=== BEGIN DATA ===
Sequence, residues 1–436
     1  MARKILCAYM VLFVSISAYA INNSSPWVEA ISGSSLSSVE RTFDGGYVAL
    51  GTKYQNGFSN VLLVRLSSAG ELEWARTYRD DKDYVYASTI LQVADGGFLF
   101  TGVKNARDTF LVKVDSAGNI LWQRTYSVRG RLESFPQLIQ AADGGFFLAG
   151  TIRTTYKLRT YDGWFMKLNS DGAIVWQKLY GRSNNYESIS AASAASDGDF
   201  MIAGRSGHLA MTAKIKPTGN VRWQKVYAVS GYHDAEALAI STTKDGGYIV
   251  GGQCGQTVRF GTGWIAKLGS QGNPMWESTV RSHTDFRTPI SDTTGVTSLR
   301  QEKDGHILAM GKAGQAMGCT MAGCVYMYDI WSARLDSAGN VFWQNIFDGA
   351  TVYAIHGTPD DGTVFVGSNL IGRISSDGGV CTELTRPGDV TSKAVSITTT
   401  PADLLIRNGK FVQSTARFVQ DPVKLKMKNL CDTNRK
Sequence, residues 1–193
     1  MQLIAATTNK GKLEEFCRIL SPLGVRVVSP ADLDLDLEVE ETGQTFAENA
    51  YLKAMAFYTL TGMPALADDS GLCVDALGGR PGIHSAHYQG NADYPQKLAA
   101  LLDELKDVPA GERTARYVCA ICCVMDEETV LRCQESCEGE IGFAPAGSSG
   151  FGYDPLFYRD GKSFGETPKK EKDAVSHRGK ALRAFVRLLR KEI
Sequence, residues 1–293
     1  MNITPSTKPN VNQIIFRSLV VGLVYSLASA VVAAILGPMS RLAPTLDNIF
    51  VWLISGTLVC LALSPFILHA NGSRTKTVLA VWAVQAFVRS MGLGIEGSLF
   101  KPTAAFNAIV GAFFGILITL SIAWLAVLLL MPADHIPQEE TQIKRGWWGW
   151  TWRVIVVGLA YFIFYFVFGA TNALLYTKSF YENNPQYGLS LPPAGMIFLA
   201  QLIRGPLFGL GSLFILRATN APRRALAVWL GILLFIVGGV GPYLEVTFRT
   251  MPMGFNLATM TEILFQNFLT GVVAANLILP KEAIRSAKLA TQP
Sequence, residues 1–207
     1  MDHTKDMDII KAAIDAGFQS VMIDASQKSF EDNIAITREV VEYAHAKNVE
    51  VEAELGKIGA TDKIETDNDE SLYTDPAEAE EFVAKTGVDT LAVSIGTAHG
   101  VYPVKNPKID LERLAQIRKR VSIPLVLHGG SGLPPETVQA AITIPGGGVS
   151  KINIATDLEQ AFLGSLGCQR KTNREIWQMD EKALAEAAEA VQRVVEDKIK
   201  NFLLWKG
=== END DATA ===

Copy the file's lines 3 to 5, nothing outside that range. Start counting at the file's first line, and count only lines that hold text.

    51  GTKYQNGFSN VLLVRLSSAG ELEWARTYRD DKDYVYASTI LQVADGGFLF
   101  TGVKNARDTF LVKVDSAGNI LWQRTYSVRG RLESFPQLIQ AADGGFFLAG
   151  TIRTTYKLRT YDGWFMKLNS DGAIVWQKLY GRSNNYESIS AASAASDGDF